HIV1 and HIV2: 69 Symptoms, Risk and Their Differences

hiv 1 and hiv 2 differences

What is HIV1?

HIV-1 is the most common and pathogenic strain of the virus. Scientists divide HIV-1 into a major group (Group M) and two or more minor groups, namely Group N, O and possibly a group P. Each group is believed to represent an independent transmission of SIV into humans (but subtypes within a group are not). A total of 39 ORFs are found in all six possible reading frames (RFs) of HIV-1 complete genome sequence, but only a few of them are functional.

Symptoms of HIV-1

HIV may not cause symptoms early on. People who do have symptoms may mistake them for the flu or mono. Common early symptoms include:

  • Fever.
  • Sore throat.
  • Headache.
  • Muscle aches and joint pain.
  • Swollen glands (swollen lymph nodes).
  • Skin rash.

Symptoms may appear from a few days to several weeks after a person is first infected. The early symptoms usually go away within 2 to 3 weeks.

After the early symptoms go away, an infected person may not have symptoms again for many years. After a certain point, symptoms reappear and then remain. These symptoms usually include:

  • Swollen lymph nodes.
  • Extreme tiredness.
  • Weight loss.
  • Fever.
  • Night sweats.

Who is at Risk for HIV1?

HIV infection is usually acquired through sexual intercourse or exposure to infected blood or body fluids. This may occur:

  • During sexual contact with an infected person, especially if you have unprotected vaginal or anal sex
  • By sharing needles or syringes used by an infected person.

Transmission from a pregnant woman to her baby may occur during pregnancy, birth, or breastfeeding, although this is uncommon with the use of HIV medications during and after pregnancy.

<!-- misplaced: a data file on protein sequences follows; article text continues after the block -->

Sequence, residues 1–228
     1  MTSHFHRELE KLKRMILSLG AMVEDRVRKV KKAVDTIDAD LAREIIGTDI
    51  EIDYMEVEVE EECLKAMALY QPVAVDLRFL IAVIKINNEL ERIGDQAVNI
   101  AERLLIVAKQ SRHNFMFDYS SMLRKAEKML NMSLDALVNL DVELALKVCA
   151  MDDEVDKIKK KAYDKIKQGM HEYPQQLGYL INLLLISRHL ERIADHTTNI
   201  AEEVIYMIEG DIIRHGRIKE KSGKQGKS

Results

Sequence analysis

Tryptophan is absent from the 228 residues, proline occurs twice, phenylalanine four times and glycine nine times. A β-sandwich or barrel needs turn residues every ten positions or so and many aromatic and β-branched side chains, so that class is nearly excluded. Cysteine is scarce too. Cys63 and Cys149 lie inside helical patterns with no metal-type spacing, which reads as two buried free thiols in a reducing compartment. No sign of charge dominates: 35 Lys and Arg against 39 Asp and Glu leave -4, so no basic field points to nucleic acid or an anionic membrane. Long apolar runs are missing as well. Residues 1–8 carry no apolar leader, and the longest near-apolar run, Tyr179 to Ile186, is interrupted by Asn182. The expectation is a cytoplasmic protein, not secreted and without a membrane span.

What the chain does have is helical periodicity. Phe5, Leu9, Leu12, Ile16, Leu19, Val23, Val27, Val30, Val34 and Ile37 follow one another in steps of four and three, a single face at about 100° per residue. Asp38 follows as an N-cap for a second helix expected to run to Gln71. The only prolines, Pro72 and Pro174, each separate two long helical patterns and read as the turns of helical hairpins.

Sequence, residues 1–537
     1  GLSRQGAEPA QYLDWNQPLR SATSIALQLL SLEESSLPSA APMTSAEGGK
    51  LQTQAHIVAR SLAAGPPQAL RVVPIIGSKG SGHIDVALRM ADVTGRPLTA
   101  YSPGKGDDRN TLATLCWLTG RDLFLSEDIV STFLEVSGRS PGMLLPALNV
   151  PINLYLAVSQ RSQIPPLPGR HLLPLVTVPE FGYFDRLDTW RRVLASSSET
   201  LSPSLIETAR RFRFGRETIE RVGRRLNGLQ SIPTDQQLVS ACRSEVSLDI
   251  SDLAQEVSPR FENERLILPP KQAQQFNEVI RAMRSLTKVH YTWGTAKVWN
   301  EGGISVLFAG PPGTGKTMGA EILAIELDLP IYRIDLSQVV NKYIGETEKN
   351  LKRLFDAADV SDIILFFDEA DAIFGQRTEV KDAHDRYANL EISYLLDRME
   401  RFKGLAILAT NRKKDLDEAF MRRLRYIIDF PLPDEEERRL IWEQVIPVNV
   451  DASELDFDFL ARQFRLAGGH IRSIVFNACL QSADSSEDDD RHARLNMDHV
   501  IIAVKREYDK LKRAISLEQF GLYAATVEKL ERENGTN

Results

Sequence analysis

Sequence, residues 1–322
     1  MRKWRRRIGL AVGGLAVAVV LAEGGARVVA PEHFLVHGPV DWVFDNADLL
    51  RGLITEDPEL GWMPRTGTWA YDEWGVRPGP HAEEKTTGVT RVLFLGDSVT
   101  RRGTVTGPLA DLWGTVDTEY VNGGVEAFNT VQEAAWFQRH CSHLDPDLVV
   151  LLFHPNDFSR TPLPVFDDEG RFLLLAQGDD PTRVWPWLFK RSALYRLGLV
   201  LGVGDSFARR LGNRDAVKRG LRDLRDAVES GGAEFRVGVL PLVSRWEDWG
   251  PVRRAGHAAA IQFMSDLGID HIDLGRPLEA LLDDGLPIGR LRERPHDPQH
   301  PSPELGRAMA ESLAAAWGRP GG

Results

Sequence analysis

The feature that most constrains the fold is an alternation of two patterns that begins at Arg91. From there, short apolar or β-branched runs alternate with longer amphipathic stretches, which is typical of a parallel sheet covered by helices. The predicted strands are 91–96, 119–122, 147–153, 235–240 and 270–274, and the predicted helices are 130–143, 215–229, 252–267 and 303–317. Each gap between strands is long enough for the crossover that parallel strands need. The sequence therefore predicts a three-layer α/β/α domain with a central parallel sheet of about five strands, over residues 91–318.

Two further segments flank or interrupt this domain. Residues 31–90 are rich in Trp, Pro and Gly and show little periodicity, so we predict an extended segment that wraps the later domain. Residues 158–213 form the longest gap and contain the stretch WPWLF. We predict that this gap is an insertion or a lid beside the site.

HIV infection is NOT spread by casual contact.

Certain individuals may have an increased risk of HIV infection, including the following:

  • Men who have sex with men
  • Injection drug users who share needles or “works”
  • Sexual partners of people who are infected with HIV
  • People with a history of a sexually transmitted disease
  • Victims of sexual assault (see “Patient education: Care after sexual assault (Beyond the Basics)”)
  • Men and women who have unprotected sex with multiple partners
  • Men and women who exchange sex for money or drugs or have sex partners who do
  • Anyone who is accidentally stuck with a needle or sharp in a healthcare facility
  • People who received a blood transfusion or other blood products before 1984

What is HIV2?

HIV-1 and HIV-2 are distinct retroviruses originating from two different primate species.1 Transmission modes for both strains are the same, and infection with either strain can lead to the development of AIDS.

The origin of HIV-2 is attributed to the sooty mangabey monkey. There are at least eight identified subtypes of HIV-2, but only subtypes A and B are commonly found. Although the majority of HIV-2 infections have been found in West Africa, the number of diagnosed cases in India is increasing. HIV-2 cases are also found in European countries with former colonial ties (particularly Portugal and France) to West Africa. Incidence of HIV-2 infection remains low in the UK (144 HIV-2 mono-infections and 22 HIV-1 and 2 dual infections).

Symptoms of HIV-2

The list of signs and symptoms mentioned in various sources for HIV-2 includes the 69 symptoms listed below: